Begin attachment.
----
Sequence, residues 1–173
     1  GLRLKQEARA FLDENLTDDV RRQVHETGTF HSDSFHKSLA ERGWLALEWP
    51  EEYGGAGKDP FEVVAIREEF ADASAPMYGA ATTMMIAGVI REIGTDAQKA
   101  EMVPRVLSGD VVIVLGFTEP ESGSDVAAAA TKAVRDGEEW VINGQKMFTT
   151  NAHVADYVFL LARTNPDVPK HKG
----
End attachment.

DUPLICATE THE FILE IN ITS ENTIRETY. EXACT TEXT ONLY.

Sequence, residues 1–173
     1  GLRLKQEARA FLDENLTDDV RRQVHETGTF HSDSFHKSLA ERGWLALEWP
    51  EEYGGAGKDP FEVVAIREEF ADASAPMYGA ATTMMIAGVI REIGTDAQKA
   101  EMVPRVLSGD VVIVLGFTEP ESGSDVAAAA TKAVRDGEEW VINGQKMFTT
   151  NAHVADYVFL LARTNPDVPK HKG